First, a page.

Review: How the West was won — and lost — by women: A new history revises the record on women in Western history.
The story of how the West was won and how the West was lost by women might have seemed more credible if history had been written by men.
That was the starting point for this book, by Kate Williams, the granddaughter of a Confederate veteran and one of the country’s foremost scholars on women in the West (she has earned a Ph.D. in history from American University, an M.A. from the New School for Social Research and a B.A. from the University of California Berkeley).
The West is a masculine place. But that’s not where the story of western womanhood begins, or ends. For the West was won and lost by women, and women won and lost in the West not only by their gender but also by the political and economic structures of the region. The book also examines the ways in which women and their families helped to shape the West, but their real contributions were not limited to the West.
I don’t mean to be too harsh on the book. I loved the opening chapter, where Williams discusses how she is inextricably linked to West Virginia, where her father served as a war-hero. Williams has spent the last 40-plus years immersed in the history of a region that, even after the war, was marked by a deep sense of pride in its history. What she writes here is a well-researched, thorough, and fascinating account that shows a more complete picture of the West than one might find in more traditional accounts.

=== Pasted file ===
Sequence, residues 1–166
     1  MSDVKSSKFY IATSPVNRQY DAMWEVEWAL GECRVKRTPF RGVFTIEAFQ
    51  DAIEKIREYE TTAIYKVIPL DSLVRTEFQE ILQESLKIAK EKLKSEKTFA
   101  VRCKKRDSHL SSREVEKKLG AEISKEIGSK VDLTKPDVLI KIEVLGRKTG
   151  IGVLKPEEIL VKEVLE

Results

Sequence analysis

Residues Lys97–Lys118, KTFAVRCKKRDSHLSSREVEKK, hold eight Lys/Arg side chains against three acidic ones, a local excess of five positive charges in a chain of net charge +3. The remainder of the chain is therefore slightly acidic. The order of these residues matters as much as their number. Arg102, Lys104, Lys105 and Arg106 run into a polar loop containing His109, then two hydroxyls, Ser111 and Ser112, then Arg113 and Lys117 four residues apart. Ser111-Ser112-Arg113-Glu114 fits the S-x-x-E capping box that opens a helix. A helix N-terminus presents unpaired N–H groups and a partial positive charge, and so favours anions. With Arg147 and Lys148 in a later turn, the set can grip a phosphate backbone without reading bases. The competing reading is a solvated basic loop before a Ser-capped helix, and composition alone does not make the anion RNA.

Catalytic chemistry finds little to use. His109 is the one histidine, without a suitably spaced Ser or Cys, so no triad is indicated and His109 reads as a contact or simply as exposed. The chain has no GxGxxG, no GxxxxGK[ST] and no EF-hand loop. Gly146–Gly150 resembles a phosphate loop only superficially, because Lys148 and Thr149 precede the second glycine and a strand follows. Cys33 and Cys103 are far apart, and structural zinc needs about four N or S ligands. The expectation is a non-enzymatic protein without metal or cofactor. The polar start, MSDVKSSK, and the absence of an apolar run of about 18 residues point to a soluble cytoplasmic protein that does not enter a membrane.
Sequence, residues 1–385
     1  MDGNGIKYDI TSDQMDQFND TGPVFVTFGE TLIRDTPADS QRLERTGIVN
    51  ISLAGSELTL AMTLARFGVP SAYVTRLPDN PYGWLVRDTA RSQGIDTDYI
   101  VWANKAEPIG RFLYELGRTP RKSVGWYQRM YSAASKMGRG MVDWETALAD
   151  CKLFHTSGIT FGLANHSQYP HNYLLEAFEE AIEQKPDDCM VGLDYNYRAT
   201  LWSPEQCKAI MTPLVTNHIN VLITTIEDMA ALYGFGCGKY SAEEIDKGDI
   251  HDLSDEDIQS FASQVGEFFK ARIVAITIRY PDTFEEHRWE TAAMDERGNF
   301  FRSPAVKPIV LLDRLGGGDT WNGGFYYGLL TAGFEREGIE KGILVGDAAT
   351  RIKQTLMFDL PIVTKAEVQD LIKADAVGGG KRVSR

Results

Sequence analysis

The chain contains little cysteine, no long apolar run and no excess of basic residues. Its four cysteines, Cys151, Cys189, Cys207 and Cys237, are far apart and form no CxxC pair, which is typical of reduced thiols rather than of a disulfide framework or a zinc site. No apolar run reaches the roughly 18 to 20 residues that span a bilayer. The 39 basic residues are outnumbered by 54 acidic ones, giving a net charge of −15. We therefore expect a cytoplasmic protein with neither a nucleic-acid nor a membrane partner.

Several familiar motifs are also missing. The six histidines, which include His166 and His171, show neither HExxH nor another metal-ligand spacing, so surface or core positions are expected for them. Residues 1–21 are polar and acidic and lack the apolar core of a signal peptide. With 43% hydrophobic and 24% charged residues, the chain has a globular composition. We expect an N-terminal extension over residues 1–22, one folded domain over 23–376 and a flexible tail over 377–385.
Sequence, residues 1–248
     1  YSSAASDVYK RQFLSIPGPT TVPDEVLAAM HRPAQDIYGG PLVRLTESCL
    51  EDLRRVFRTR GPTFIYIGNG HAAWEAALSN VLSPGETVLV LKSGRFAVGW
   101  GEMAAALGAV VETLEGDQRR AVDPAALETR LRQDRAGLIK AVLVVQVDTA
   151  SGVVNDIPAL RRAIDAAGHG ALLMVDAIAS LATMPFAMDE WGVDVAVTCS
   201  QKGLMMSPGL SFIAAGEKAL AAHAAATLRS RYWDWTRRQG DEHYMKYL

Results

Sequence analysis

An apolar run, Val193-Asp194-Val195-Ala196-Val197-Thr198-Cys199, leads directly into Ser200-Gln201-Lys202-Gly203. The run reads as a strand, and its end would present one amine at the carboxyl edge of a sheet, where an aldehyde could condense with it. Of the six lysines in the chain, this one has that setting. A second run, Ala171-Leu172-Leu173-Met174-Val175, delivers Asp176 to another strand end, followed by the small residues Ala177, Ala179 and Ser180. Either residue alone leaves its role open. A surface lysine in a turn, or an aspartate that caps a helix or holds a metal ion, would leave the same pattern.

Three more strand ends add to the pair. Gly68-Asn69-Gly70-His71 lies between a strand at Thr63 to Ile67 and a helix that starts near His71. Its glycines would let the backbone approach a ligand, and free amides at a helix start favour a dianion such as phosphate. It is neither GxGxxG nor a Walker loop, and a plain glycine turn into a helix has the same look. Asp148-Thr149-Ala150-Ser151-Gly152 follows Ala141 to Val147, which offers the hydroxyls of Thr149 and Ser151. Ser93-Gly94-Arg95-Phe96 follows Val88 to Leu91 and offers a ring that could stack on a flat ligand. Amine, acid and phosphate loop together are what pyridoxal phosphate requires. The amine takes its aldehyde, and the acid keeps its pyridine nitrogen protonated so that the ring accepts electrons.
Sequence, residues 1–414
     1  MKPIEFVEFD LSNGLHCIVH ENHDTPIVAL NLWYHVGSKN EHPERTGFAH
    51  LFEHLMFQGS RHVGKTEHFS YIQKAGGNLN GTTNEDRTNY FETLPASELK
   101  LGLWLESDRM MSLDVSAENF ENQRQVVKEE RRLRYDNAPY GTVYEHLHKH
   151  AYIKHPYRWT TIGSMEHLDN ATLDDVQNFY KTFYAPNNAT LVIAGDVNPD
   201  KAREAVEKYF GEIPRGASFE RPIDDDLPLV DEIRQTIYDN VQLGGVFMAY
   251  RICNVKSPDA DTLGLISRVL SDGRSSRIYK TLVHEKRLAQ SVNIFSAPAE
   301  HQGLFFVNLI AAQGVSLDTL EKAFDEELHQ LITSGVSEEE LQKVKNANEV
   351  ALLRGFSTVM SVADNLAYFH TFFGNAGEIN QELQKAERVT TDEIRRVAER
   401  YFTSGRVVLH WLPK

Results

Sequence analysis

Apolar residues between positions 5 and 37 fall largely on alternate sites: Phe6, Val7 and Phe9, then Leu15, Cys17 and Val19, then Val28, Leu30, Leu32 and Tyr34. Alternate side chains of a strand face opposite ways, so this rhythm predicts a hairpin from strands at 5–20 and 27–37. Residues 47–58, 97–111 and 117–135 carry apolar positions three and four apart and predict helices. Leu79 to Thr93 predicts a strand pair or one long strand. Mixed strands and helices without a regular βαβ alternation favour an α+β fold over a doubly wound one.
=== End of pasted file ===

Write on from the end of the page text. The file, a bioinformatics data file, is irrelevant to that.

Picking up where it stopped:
More important, though, is the hope that this book will help people begin to appreciate what the West as a whole was really like, and how much each and every woman and man contributed to the overall political and economic success of the region.
In other words, women made things happen.
The book is written in chapters titled “The West as a region,” “The West as a nation,” “The West as a